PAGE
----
A series of special community events and public program is programmed across the city. Halo, a free exhibition, is on show at Mosman Art Gallery until September 11.

Featured photo – A photo showing the entrance to  Mosman Art Gallery, one of Sydney leading suburban galleries.


The latest exhibition at Traffic Jam Galleries features two artists from its stable – Anakita Escalante with Sydney Surroundings and Danielle McManus with Wild.

Anakita Escalante’s work is an exploration of the relationship between the man-made and the natural, examining how we live and interact from the fringes of Sydney to the tumultuous bustling of the CBD. Her invigorating paintings feature a glorious use of texture and strong, dynamic composition.

Her subjects range from the iconic Coca Cola sign at Kings Cross, the Harbour Bridge and the Archibald Fountain to striking rock faces and crashing waves (Sea Breeze).

In Fun on the Waves we are almost on board the bobbing boats. There are some striking portraits of Hornsby Lighthouse at different times of day while Rainy Day – The Rocks is grey and mysterious. Continue reading TRAFFIC JAM GALLERIES : ANAKITA ESCALANTE AND DANIELLE MCMANUS IN EXHIBITION


Queensland artist Clinton Barker makes his Sydney debut in July with his exhibition NEW LIGHT : PAINTINGS AND PRINTS at Darlinghurst’s ARO Gallery.

The official opening will take place on the 14th July between 5 pm and  8 pm with guest speaker Basil Hall of Canberra’s Basil Hall Editions.

Clinton Barker is an established award-winning professional artist whose work has been shown many times in Queensland and northern NSW galleries.

His involvement in art began in his early childhood when he was taught printmaking skills by his grandmother. Continue reading NEW LIGHT: RECENT PAINTINGS AND PRINTS @ ARO GALLERY DARLINGHURST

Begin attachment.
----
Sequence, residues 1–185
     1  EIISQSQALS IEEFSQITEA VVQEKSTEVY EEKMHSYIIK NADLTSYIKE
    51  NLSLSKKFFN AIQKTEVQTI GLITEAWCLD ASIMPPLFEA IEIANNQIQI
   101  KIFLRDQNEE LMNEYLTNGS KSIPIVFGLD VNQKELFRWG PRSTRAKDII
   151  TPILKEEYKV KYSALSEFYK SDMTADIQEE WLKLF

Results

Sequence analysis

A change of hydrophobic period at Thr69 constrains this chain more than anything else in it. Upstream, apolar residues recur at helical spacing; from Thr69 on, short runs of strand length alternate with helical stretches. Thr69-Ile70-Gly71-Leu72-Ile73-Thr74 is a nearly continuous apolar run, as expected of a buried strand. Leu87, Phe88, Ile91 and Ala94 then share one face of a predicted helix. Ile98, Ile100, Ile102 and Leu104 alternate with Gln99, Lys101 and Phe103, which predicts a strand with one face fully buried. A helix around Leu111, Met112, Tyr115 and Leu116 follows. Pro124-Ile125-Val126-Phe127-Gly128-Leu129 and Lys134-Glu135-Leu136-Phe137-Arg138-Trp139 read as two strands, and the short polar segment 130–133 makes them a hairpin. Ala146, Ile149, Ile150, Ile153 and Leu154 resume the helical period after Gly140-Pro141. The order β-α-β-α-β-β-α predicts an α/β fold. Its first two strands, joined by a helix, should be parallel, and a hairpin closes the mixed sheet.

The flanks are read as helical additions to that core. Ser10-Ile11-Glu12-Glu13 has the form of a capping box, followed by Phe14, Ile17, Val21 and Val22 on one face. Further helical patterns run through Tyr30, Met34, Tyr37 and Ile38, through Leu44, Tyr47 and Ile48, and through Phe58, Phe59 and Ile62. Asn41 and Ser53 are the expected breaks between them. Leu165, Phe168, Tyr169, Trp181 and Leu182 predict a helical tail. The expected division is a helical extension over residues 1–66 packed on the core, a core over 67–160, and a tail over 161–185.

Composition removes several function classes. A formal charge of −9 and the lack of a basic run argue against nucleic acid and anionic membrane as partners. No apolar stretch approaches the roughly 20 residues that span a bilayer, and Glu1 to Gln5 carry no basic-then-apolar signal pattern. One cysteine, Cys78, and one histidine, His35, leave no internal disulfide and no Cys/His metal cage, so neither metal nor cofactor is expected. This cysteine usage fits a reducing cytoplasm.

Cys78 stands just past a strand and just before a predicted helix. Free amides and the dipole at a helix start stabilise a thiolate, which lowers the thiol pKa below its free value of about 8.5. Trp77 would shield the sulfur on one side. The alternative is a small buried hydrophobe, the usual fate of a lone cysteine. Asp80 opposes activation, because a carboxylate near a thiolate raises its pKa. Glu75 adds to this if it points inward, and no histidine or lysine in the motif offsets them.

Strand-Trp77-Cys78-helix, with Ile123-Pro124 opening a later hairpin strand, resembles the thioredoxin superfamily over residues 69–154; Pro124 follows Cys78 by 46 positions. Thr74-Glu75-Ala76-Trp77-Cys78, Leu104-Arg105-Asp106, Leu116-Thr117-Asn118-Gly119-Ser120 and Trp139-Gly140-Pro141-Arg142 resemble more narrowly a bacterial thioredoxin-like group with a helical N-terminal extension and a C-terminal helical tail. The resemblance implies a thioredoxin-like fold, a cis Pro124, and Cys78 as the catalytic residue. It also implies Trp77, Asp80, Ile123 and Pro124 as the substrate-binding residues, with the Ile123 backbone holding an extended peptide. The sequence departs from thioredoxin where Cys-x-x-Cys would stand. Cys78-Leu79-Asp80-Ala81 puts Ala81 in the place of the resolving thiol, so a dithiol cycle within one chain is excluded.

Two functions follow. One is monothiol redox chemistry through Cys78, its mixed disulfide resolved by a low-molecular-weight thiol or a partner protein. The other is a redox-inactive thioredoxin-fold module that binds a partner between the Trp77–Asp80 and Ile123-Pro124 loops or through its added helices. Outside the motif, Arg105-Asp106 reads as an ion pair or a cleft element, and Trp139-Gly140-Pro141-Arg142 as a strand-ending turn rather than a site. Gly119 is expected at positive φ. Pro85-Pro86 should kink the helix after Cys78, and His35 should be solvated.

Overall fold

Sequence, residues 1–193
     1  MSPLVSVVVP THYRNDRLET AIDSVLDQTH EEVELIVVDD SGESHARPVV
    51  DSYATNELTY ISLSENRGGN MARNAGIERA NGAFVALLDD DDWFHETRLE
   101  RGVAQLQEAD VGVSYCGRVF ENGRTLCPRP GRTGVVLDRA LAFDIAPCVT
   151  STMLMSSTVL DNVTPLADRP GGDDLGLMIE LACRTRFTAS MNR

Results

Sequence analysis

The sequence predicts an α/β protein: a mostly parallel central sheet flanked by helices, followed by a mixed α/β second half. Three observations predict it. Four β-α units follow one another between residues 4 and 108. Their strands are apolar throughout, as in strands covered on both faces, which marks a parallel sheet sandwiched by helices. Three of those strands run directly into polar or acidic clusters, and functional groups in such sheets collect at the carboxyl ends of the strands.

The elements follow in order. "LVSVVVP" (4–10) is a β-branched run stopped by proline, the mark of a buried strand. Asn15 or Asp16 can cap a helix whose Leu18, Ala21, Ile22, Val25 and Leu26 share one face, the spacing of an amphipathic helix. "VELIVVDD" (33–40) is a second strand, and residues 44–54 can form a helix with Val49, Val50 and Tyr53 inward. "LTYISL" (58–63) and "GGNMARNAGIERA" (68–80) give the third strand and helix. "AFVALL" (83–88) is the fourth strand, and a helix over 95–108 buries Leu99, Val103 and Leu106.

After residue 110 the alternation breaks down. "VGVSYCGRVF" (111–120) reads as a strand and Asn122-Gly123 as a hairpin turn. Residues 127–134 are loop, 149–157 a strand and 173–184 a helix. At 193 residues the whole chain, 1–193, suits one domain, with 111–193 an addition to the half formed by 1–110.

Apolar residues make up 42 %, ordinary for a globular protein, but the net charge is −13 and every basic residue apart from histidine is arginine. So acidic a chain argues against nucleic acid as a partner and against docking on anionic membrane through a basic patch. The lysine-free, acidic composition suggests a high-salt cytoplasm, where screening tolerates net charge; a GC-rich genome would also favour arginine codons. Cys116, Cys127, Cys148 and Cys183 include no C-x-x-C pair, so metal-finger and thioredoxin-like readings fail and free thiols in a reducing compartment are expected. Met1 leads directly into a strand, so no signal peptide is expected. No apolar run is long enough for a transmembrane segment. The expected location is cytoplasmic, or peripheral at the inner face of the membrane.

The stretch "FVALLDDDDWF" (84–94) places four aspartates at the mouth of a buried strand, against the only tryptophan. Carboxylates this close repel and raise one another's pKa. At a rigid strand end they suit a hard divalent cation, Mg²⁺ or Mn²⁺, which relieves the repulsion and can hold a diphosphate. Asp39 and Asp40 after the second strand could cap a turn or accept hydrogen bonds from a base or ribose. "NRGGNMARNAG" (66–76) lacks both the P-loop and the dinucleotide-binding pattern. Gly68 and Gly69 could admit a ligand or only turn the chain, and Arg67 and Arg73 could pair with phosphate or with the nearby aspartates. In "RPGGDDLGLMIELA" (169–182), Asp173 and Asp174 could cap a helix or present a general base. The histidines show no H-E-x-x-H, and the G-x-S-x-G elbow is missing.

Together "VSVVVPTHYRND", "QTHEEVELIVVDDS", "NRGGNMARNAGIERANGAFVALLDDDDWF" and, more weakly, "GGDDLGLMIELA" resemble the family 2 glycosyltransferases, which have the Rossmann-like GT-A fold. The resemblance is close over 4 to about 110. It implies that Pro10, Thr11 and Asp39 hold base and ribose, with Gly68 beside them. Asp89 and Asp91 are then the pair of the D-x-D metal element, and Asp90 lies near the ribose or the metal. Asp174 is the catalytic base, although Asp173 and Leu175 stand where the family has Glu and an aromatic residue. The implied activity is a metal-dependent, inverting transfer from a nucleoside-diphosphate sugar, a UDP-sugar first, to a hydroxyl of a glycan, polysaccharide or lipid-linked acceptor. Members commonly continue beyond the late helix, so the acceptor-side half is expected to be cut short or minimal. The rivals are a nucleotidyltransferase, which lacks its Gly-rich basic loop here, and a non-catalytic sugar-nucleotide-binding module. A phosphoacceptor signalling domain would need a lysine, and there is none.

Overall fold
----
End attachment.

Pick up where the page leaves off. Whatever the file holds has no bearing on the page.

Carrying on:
This current exhibition at Glebe’s Shop Gallery represents the first solo exhibition by  Sydney artist GWA (aka Wade Goring).

Working as a digital artist and illustrator, the exhibition sees a selection of GWA’s unique work brought into the analogue world as large prints to canvas and paper. Further works are presented on clothing and homewares.

GWA’s work is largely influenced by and comments on queer culture, comic art, street art, pop art, pop surrealism, cinema, concept design and advertising.

This artist was a finalist in the Contemporary Art Awards for the last two years. He was also a finalist in the inaugural Queer Art Prize Australia 2017 and controversially won ‘Best Painting’ at Bent Art 2016. GWA has also been an Avant Card featured as well as exhibiting internationally.

Drop in to the OUTRAGEOUS ANIMALS exhibition, experience the art, meet the artist, purchase a piece or pick up some fun freebies.


OUTRAGEOUS ANIMALS will be on view  from June 15 – 21 at The Shop Gallery, 112 Glebe Point Road, Glebe. The Gallery is open from noon to 7 pm each day.

For more about OUTRAGEOUS ANIMALS, visit
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“ Here lies Raphael: when he was living, nature feared he would defeat her, now that he is dead, she fears her end is near.”

From the team that has produced “The Vatican Museums”, “Florence and the Uffizi Gallery” and “St. Peter’s and the Papal Basilicas of Rome”, we are privileged to see a stunning examination of the life and works of one of the greatest Renaissance artists.

Widely regarded and celebrated as an “enfant prodige” by both his peers and generations to follow, together with Michelangelo and Leonardo da Vinci, Raphael completed the triad of Renaissance Masters.

Raphael’s life and works traced the development from the arts of the Renaissance to Mannerism bringing the figurative arts to unprecedented heights.
He died young, aged 37, on his birthday, and yet managed to leave an unforgettable mark on the artistic world. Continue reading RAPHAEL : LORD OF THE ARTS


The current exciting exhibition at Traffic Jam Galleries is a combined show – Kathryn MCGovern’s DOG SHOW and Sally West’s AROUND TOWN. They are very different artists in subject and style and it makes for a captivating event.

Kathryn McGovern’s exhibition is a series of wonderful canine portraits. McGovern, over the past few months, visited various dog shows in Queensland and mingled with cossetted canines, breeders, stewards and judges.